Probably the most famous and most authentic of all ghost pictures, the Brown Lady would be Lady Dorothy Townsend, living in Norfolk, England in the early 1700’s. It was taken in 1936, during a photo shoot for Country Life Magazine at Raynham Hall in Norfolk, England by Captain Provand and Indre Shira. The photographer saw her coming down the stairs, and began yelling to Shira, who could not see anything, and thought he was delusional.
According to legend, the “Brown Lady of Raynham Hall” is the ghost of Lady Dorothy Walpole (1686–1726), the sister of Robert Walpole, generally regarded as the first Prime Minister of Great Britain. She was the second wife of Charles Townshend, who was notorious for his violent temper. The story says that when Townshend discovered that his wife had committed adultery with Lord Wharton he punished her by locking her in her rooms in the family home, Raynham Hall. According to Mary Wortley Montagu, Dorothy was in fact entrapped by the Countess of Wharton. She invited Dorothy over to stay for a few days knowing that her husband would never allow her to leave it, not even to see her children. She remained at Raynham Hall until her death in 1726 from smallpox.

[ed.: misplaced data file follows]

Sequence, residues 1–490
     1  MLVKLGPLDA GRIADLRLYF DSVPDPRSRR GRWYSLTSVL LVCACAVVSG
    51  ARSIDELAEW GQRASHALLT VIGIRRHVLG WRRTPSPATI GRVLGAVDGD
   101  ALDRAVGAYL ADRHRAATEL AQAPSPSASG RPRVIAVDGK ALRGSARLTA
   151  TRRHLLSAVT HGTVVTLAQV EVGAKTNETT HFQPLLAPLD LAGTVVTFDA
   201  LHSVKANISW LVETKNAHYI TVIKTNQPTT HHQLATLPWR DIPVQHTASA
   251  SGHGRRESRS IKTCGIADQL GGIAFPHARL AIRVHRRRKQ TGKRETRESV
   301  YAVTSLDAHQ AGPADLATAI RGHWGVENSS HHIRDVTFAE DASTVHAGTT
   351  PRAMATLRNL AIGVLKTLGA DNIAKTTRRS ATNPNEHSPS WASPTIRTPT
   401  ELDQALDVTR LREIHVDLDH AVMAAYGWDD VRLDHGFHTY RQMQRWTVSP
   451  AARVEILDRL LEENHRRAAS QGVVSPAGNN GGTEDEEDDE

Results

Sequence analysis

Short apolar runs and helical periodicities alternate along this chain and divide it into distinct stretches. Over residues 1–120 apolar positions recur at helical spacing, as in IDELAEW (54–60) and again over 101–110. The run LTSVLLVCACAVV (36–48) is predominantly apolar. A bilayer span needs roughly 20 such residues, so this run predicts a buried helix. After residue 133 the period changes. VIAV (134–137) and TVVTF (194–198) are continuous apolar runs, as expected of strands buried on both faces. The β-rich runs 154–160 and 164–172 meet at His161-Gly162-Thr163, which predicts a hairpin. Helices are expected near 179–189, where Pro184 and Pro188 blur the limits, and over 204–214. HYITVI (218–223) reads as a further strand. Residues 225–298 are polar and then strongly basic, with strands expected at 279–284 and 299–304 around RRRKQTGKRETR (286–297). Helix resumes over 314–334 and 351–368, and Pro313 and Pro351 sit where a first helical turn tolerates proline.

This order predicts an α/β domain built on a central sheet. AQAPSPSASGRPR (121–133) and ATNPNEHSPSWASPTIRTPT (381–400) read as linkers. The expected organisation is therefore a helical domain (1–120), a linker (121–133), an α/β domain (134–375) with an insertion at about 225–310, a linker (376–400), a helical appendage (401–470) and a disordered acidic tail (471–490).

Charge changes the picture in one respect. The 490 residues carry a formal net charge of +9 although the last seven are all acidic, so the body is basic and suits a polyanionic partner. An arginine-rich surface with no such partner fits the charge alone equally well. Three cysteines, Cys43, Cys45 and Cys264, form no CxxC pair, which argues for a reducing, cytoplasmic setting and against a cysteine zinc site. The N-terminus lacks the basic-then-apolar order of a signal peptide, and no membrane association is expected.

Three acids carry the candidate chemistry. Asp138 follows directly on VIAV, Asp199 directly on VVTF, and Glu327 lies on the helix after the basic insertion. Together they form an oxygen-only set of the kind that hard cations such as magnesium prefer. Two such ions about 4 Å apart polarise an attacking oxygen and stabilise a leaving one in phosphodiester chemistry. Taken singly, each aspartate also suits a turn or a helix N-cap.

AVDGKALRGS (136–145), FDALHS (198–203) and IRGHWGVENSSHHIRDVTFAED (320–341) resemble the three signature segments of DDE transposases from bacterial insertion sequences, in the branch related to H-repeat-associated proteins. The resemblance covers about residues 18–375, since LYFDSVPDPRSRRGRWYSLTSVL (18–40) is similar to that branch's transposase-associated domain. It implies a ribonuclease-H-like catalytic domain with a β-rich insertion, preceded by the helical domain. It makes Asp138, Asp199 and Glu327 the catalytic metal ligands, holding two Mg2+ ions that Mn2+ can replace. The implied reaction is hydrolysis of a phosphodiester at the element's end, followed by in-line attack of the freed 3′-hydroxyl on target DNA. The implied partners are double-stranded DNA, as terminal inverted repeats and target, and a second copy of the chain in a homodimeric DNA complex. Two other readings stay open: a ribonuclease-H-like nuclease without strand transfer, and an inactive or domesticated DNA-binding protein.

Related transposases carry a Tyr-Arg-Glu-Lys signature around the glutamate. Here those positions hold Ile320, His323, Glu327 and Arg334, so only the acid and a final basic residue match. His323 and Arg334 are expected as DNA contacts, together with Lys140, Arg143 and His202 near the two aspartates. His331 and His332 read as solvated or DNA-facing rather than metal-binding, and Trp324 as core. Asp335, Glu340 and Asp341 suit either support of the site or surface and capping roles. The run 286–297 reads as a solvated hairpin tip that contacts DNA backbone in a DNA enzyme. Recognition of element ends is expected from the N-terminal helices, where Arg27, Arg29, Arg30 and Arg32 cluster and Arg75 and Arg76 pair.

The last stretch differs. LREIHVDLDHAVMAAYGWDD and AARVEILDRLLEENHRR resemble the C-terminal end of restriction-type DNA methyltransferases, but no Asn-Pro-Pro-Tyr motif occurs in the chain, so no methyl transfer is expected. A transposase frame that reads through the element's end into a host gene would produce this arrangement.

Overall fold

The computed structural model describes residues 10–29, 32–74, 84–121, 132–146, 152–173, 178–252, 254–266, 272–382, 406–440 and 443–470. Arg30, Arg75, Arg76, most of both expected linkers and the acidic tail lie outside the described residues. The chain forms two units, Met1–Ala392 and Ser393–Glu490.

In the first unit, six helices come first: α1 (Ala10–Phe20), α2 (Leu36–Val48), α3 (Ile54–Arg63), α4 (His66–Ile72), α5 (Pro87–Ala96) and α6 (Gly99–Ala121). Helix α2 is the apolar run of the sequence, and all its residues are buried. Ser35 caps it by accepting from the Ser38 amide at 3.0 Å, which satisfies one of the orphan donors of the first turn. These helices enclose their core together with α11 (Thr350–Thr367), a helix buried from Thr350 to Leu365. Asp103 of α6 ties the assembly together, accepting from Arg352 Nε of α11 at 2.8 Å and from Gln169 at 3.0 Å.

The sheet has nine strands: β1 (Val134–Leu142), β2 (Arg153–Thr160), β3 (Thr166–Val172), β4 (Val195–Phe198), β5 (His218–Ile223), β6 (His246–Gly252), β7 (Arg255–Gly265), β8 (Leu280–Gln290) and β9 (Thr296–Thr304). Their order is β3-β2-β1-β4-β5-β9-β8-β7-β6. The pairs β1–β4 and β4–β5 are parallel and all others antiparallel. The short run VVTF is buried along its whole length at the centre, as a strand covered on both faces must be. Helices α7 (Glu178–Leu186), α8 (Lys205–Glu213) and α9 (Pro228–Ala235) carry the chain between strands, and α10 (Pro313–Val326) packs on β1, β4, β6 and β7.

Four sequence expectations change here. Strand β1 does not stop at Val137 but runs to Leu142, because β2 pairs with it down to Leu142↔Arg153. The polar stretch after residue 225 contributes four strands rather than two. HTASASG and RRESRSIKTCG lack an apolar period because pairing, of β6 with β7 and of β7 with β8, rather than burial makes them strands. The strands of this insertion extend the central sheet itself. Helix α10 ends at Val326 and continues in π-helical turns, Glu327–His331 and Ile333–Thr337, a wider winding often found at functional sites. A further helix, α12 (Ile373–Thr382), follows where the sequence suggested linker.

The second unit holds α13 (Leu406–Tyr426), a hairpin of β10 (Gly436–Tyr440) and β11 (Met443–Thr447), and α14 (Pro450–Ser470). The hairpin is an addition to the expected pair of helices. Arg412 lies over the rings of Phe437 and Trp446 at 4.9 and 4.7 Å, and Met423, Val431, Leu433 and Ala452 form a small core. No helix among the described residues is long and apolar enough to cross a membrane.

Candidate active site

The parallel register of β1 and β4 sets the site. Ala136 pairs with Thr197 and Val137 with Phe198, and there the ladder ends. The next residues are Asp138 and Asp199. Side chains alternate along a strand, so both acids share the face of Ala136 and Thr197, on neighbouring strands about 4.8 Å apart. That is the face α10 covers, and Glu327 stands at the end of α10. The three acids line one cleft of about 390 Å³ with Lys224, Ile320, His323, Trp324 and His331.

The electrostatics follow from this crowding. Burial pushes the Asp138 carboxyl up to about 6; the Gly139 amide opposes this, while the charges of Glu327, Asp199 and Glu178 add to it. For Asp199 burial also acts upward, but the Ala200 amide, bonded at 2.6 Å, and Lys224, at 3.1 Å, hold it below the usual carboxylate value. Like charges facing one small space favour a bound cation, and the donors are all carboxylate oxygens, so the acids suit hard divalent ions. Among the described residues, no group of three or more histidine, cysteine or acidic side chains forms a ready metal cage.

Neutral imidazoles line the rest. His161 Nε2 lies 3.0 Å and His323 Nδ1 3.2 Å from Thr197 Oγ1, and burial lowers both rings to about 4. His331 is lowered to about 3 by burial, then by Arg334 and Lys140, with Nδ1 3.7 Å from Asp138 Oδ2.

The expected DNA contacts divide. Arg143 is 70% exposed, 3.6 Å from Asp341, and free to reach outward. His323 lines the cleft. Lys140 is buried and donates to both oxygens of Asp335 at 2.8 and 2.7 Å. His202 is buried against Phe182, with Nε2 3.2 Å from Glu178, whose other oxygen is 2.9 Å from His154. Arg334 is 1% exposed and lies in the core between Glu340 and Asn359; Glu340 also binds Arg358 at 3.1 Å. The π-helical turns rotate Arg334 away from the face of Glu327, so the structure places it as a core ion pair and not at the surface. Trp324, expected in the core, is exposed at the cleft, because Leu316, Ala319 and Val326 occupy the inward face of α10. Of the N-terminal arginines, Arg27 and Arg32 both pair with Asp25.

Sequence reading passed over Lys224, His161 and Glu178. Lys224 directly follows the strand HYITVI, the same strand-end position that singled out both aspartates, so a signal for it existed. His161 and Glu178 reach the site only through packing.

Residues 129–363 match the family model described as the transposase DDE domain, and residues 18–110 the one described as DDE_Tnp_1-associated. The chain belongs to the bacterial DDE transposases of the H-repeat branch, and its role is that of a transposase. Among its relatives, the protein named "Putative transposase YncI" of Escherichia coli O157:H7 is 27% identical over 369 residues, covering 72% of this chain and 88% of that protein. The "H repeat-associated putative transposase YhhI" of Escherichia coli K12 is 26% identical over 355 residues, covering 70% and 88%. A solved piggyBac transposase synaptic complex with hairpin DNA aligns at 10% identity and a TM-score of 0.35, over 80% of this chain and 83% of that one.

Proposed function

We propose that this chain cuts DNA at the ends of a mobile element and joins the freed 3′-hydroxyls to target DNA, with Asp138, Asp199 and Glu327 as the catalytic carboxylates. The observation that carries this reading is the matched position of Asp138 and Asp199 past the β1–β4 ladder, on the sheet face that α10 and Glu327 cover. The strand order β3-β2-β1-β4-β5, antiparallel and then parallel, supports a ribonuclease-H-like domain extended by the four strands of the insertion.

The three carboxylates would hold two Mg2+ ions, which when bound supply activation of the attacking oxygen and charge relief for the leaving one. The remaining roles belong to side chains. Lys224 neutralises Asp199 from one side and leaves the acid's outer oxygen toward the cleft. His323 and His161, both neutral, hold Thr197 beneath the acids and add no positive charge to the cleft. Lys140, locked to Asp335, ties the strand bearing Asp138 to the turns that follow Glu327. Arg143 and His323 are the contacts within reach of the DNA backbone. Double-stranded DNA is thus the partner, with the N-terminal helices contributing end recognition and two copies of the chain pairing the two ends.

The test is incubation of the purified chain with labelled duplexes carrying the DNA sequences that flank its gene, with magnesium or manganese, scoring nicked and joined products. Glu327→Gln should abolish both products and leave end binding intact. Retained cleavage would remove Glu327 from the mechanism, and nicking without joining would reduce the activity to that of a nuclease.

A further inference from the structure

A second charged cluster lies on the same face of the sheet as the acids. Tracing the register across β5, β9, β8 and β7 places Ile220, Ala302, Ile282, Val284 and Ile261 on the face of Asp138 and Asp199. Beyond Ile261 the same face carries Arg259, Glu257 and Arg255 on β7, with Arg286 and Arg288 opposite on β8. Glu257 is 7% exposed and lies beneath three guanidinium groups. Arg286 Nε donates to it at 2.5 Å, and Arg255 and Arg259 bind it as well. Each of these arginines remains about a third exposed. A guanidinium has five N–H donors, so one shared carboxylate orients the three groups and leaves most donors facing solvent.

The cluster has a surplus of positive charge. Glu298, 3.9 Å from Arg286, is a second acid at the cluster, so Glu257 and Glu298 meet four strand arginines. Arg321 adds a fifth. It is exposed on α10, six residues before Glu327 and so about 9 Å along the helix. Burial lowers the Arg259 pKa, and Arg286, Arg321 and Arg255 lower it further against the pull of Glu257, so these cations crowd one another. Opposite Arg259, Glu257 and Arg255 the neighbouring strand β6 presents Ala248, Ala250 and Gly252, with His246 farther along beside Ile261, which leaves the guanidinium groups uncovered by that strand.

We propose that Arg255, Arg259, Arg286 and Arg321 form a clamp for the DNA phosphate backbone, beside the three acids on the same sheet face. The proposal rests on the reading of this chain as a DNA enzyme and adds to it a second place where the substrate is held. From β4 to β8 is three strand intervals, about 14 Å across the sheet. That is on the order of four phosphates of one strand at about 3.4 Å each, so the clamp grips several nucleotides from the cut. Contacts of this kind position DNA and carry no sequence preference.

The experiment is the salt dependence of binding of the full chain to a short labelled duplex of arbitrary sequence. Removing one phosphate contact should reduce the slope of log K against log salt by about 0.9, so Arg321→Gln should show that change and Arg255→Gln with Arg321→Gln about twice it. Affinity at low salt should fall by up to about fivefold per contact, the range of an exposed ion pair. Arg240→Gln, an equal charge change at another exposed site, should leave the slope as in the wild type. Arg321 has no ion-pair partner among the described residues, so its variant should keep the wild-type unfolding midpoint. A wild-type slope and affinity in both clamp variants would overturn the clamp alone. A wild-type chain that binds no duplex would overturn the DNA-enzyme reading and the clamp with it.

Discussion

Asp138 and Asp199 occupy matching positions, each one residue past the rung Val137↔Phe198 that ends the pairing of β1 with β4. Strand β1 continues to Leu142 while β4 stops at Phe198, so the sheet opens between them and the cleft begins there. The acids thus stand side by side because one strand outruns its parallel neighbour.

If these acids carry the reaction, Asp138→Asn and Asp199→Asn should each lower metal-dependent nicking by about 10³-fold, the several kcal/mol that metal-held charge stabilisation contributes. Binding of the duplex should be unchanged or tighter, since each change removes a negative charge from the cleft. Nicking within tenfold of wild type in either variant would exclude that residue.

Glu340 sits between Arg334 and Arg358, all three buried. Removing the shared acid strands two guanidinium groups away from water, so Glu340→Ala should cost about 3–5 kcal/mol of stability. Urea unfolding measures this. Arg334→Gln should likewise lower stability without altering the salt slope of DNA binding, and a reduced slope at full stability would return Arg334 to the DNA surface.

The first recorded claim of a sighting of the ghost was by Lucia C. Stone concerning a gathering at Raynham Hall at Christmas 1835. Stone says that Lord Charles Townsend had invited various guests to the Hall, including a Colonel Loftus, to join in the Christmas festivities. Loftus and another guest named Hawkins said they had seen the “Brown Lady” one night as they approached their bedrooms, noting in particular the dated brown dress she wore. The following evening Loftus claimed to have seen the “Brown Lady” again, later reporting that on this occasion he was drawn to the spectre’s empty eye-sockets, dark in the glowing face. Loftus’ sightings led to some staff permanently leaving Raynham Hall.
The next reported sighting of the “Brown Lady” was made in 1836 by Captain Frederick Marryat, a friend of novelist Charles Dickens, and the author of a series of popular sea novels. It is said that Marryat requested that he spend the night in the haunted room at Raynham Hall to prove his theory that the haunting was caused by local smugglers anxious to keep people away from the area. Writing in 1891, Florence Marryat said of her father’s experience:
…he took possession of the room in which the portrait of the apparition hung, and in which she had been often seen, and slept each night with a loaded revolver under his pillow. For two days, however, he saw nothing, and the third was to be the limit of his stay. On the third night, however, two young men (nephews of the baronet), knocked at his door as he was undressing to go to bed, and asked him to step over to their room (which was at the other end of the corridor), and give them his opinion on a new gun just arrived from London. My father was in his shirt and trousers, but as the hour was late, and everybody had retired to rest except themselves, he prepared to accompany them as he was. As they were leaving the room, he caught up his revolver, “in case you meet the Brown Lady,” he said, laughing. When the inspection of the gun was over, the young men in the same spirit declared they would accompany my father back again, “in case you meet the Brown Lady,” they repeated, laughing also. The three gentlemen therefore returned in company.